When Google began unleashing their driverless vehicles on the highways and byways of the western U.S in 2009, it understandably generated a tremendous amount of interest. It was the perfect blend of futuristic tech and a company with an escalating impact on more daily activities than possibly any non-government entity ever has.
Less known, but just as prominent, automotive engineering firm IAV has worked with nearly every vehicle OEM on the plant since their founding in 1983. So if you depend on automotive transport in any way, then they too have probably had a positive impact your daily routine. The German company’s experience ranges from drivetrain and engine performance to onboard electronics and enhanced vehicle safety.
IAV can also tout early involvement in the development of electric vehicles for Volkswagen, and in 2007 they built a futuristic concept vehicle that proved capable of maneuvering city traffic without driver assistance. Ever on the outlook for new trends in which to inject their expertise, IAV saw an increasing desire for vehicle-based internet connectivity, and the applications such technology could enable.
The 6,000-employee company, with offices in Germany and the U.S., works with clients from the initial idea stage through production. However, usually it’s a client that approaches them with the initial idea. In this instance it was IAV that instigated the creation of a safer automated driving system that could leverage expanded vehicle connectivity.
This meant IAV needed a partner that could help develop a scalable solution suitable for the entire automotive universe. IAV’s first milestone in creating a safer automated vehicle concept was developing a collaborative relationship with Microsoft.
Playing it Safe
At Microsoft’s recent Envision event Benedikt Schonlau, IAV’s head of vehicle safety functions, spoke with a level of excitement commensurate with discussing a concept like autonomous vehicles. However, his tone, while upbeat and positive, was steadied by a reality of where this technology truly lies. This proved to be an accurate introduction to the approach IAV is taking.
Instead of playing up the obvious “cool” factor, he pointed out a couple of key flaws in Google’s approach, as well as the areas in which work still needs to be done before autonomous driving is, indeed, viable.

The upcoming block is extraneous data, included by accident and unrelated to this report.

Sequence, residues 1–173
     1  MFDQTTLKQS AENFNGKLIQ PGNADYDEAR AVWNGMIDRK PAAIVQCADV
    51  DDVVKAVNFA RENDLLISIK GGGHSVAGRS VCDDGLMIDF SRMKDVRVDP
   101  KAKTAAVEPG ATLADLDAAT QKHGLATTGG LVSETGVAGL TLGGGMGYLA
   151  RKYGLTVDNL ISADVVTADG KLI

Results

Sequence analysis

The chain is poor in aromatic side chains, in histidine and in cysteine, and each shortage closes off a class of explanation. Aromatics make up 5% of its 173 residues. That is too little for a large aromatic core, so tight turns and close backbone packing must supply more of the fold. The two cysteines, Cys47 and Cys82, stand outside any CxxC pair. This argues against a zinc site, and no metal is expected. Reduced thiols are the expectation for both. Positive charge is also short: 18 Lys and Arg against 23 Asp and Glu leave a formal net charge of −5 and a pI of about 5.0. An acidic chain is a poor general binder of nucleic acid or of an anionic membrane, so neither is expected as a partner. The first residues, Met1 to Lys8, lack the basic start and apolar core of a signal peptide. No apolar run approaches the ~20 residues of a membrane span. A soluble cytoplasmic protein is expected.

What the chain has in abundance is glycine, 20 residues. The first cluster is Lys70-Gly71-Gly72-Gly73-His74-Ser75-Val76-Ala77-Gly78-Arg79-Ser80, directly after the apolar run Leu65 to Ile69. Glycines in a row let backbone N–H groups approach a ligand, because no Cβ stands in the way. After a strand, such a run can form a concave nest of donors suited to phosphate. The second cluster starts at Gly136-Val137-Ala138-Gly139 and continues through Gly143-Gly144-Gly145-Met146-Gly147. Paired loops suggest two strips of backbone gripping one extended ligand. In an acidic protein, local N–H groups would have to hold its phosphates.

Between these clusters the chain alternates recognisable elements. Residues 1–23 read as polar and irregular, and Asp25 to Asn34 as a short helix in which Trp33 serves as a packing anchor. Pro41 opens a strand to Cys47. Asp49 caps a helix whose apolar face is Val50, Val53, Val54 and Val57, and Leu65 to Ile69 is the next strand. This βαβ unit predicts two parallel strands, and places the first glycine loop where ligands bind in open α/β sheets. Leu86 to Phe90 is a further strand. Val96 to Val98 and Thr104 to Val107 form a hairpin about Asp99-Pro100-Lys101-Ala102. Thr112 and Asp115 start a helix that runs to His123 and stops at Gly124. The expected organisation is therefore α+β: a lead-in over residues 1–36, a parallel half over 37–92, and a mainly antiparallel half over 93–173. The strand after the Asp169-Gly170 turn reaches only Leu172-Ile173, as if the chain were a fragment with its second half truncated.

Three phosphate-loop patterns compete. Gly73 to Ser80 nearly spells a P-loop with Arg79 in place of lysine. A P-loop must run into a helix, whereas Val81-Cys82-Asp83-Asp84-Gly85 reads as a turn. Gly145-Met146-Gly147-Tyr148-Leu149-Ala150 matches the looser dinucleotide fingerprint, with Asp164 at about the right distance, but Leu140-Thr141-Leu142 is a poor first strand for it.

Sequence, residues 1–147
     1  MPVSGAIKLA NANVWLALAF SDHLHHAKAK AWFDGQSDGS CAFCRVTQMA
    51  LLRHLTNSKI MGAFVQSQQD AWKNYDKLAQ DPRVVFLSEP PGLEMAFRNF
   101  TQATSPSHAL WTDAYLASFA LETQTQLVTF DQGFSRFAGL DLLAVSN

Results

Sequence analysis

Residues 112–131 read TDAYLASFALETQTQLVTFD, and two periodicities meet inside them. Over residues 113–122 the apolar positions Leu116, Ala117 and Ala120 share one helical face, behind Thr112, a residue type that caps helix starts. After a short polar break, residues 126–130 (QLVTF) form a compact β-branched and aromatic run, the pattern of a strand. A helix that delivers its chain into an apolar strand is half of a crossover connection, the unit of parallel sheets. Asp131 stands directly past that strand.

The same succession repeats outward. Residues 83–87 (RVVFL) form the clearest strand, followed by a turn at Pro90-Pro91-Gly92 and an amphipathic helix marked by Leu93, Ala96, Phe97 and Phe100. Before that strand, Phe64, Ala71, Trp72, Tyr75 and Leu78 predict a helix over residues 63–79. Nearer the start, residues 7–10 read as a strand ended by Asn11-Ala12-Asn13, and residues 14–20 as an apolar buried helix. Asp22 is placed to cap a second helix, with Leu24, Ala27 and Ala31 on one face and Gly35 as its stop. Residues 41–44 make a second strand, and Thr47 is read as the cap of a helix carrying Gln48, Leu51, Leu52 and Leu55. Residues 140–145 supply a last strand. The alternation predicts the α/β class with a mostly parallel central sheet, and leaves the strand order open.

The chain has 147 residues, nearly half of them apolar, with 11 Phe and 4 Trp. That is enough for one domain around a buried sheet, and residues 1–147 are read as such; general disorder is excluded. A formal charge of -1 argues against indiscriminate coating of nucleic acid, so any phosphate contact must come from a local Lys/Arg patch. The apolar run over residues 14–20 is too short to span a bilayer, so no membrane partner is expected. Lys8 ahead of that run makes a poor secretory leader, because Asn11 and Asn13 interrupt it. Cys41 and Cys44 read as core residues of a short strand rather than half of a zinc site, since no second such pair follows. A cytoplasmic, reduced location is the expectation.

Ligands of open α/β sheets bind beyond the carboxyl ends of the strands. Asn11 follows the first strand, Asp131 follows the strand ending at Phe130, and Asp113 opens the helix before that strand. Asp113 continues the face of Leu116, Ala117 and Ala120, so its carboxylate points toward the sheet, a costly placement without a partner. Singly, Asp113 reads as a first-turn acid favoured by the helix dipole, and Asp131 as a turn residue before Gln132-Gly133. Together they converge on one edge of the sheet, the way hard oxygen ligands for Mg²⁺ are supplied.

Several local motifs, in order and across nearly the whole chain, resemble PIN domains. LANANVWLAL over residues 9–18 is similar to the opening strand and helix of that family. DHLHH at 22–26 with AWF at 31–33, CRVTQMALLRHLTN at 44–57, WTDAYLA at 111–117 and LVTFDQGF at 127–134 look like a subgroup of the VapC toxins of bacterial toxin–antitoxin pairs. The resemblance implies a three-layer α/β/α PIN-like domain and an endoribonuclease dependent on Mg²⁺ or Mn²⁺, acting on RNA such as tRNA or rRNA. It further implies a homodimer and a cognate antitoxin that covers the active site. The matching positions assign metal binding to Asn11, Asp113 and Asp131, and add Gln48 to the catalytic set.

When it comes to the sensor and camera technology that is available to detect “moving objects”, i.e. people and other vehicles, IAV feels the current offerings are legit. Already in place with a number of newer models, the ability for the vehicle to react accordingly in avoiding crashes or collisions is not as big of a concern to IAV as the manner in which the vehicle reacts to changing infrastructure, route deviations caused by construction or weather, or some of the well-documented concerns arising from traffic lights.
So instead of relying on mapping technologies that can become dated, IAV is using embedded sensors and cameras to not only guide the vehicle, but collect data from its surroundings. This information is sent to a cloud-based network that updates its geographical database and sends updated information back to the vehicle in real time, every 60 seconds.
A global dynamic mapping convention is used in providing regionally specific data. And if the vehicle doesn’t receive up-to-the minute updates about its surroundings from the central server, operation automatically shifts back to the driver.
With a cloud-based data transfer network at the core of its approach, IAV admits that some signal transmission capabilities need to be refined. This includes ensuring communication in dense urban settings, and in stressful rush hour situations where traffic is heavy and mass amounts of communication to and from a number of vehicles in close proximity must be accommodated.
However, Schonlau feels that the area in greatest need of improvement is a vehicle’s ability to demonstrate reliable traffic light readings. For IAV’s prototype, cameras are located in front of the rear view mirror on the windshield and near the front headlights. When it comes to “seeing” the traffic lights, current camera technology still struggles with determining the differences between red and yellow traffic lights during foggy, rainy or overly sunny conditions.
One potential solution would be embedding a wireless signal from the light to the vehicle. However, due to the amount of potential interference, a cellular network won’t work, nor will other machine-to-machine protocols.
A possible answer is the IEEE 802.11p protocol, which, although initiated to specifically address vehicle communication challenges, is still struggling to handle highly congested traffic scenarios. Another option could be Visible Light Communication, but VLC has only proved reliable for short-range applications. Still being investigated is using the two technologies together.
Google sees the use of historical, branded data as a way to simultaneously navigate vehicles and give people more of what they seem to want – greater opportunity to use Google products and services for both professional efficiency and personal enjoyment. IAV wants to capitalize on technology that’s been developed and enhanced by a number of players in improving the safety and performance of transportation. While this technology might be a decade away from practical implementation, the race has begun, and it will be intriguing to see who finishes first.
To paraphrase a line from the movie The Dirty Dozen, if you asked anyone outside of the automotive community about IAV, their response would probably be “Never heard of it”. Google, on the other hand, is obviously a household name. Just as these two companies differ in their notoriety, so too do they seemingly differ in their approach to autonomous vehicle developments.